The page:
On the Road


Every country has its own safety and security quirks – those issues about which it cares deeply and is willing to enforce with (what is for the foreigner) insanely exacting precision. Canadian law, for example, doesn’t permit children to walk across the path of parades featuring large horses and marching bands but that is another story…

On our grade 9 and 10 school trip home from monasteries and mountain climbing in the Pyrenees (I know that’s cool, no? I didn’t climb but watched in AMAZEMENT!) one young man on the bus approached me and said, very politely, “Miss, I really need to go to the bathroom. Do you know when we will stop next?” The male chaperone on our bus was closest to the drivers so I asked him to speak with them. What came back was a question,”They don’t know? WHY?” As delicately as I could, I described the boy’s situation. “Right,” he said and conveyed the message.

A half hour went by… the chaperones had been interviewing the students to the delight of the other kids (God, I LOVE that microphone that comes with the BIG bus) and I had forgotten all about the request from the grade 9 boy. He appeared in the aisle beside my seat and I am not exaggerating when I say that he was shaking slightly. Uh oh! “Um, Miss… now, I really have to go. I drank a litre of Coke at our last stop and that may have been too much.” I passed the message to Michael who had, what I felt, was an unusually long conversation about what should have been a relatively simple matter. Michael came back to where the student and I were talking.

“Bad news,” he said. “The bus drivers say that they can’t pull over on the side of the road. It’s illegal in Spain.”

“Well sure… it’s illegal everywhere but people still do it!” I had become the passionate advocate for this slightly trembling boy.

“I know. I know!” (Michael is Canadian too). “But these guys are seriously not stopping. They asked us to be on the look-out for a proper gas station and then they will stop.” The boy looked stricken. I handed him an empty plastic Coke bottle and said, “Just in case.” That got a BIG laugh from the kids around us. I know my gesture may have seemed a little insensitive but I was thinking that in this land of uberstrict bus laws, the bus-driving fascists would experience strong negative feelings towards a student who used their bus as a urinal.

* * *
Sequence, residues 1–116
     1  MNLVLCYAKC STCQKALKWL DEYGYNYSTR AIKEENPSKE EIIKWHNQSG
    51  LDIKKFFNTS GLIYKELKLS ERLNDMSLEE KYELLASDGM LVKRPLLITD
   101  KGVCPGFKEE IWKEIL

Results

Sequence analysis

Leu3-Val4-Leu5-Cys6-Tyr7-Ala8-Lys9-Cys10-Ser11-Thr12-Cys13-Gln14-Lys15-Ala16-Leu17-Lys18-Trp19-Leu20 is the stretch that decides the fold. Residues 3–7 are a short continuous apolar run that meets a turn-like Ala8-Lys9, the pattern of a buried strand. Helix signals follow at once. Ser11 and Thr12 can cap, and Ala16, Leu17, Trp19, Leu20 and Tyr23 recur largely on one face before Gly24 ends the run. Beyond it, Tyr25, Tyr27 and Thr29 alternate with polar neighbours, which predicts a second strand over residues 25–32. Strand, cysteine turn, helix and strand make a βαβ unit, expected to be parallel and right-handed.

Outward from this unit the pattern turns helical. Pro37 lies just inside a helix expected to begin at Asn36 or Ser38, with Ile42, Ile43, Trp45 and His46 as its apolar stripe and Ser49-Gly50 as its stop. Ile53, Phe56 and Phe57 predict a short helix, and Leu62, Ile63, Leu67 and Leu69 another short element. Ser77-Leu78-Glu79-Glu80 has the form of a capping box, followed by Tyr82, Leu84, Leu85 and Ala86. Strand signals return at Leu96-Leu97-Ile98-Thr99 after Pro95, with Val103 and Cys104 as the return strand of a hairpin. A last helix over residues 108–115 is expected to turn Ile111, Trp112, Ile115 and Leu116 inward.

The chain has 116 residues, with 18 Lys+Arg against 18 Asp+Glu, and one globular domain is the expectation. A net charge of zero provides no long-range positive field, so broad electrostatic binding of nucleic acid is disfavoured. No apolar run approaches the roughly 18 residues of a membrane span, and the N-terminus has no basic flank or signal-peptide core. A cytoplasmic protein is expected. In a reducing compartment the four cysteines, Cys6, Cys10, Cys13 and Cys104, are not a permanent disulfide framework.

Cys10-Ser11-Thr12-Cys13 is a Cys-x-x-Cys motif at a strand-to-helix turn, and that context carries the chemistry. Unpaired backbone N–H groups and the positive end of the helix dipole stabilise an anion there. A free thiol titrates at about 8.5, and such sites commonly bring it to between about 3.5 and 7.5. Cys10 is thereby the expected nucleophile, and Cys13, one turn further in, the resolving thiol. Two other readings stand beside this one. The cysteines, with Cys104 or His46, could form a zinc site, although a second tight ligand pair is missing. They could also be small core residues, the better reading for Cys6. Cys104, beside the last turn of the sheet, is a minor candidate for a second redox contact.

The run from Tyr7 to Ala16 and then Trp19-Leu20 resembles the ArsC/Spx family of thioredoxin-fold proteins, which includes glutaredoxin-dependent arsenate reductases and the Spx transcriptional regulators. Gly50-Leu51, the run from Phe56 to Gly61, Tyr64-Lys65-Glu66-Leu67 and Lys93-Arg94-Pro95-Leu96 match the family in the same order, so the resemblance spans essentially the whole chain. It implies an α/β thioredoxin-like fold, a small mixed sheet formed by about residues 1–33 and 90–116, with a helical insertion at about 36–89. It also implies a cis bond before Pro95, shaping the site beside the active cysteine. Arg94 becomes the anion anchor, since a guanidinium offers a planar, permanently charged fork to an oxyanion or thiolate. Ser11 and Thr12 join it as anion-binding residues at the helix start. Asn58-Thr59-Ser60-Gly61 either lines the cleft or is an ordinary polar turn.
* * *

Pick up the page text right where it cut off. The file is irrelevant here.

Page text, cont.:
For a few miles, the students and teachers at the front of our bus strained our necks, left and then right, looking up the highway for some sign of neon… a restaurant or gas station where this boy would be permitted to get off the bus. Five minutes passed… then ten. We were in the middle of nowhere, the Northern Spain version of nowhere (which is, of course, somewhere… I get the irony) and there wasn’t a single gas station in sight.

The boy appeared beside me for the third time and he was not at all well. I could tell that he was now doing everything humanly possible to keep all of his bodily fluids inside his body. He had the Coke bottle in his hand and said, “I am gonna have to use this now.” I actually spent 30 seconds thinking about how we could clear a section of the bus so that he could relieve himself privately.

“Wait. This is insane!” I was definitely yelling by this point. “This boy needs to go and these drivers work for us.” (This is the most North American thing that I have said while living in Spain). The students were nodding in agreement; it was a revolution now. I chose a student – a fantastic and assertive Catalan girl whom I have known for a year – and instructed her to tell those drivers to turn right onto the off-ramp just ahead because this boy needed to go to the washroom NOW! Her eyes sparkling with purpose, she strode to the front of the bus and told the drivers, in scarily precise Catalan, what needed to happen. The bus suddenly veered off the highway, up the hill and onto a smaller local road where the driver parked the bus on the gravelly (and highly illegal) shoulder. The door opened and the grade 9 boy shot past me like a cork freed from the mouth of a champagne bottle… out of the bus, up a hill, and behind some bushes. On his heels were six more boys. The red-faced driver shouted after them, “It was only supposed to be one!”

We three chaperones simply shrugged our shoulders and watched the sun setting all wild pinks and purples over the heads of our boys peeing behind bushes in Northern Spain. The second driver lit a cigarette and pretended to watch the highway for police cars but really, we knew, he just desperately needed a smoke.

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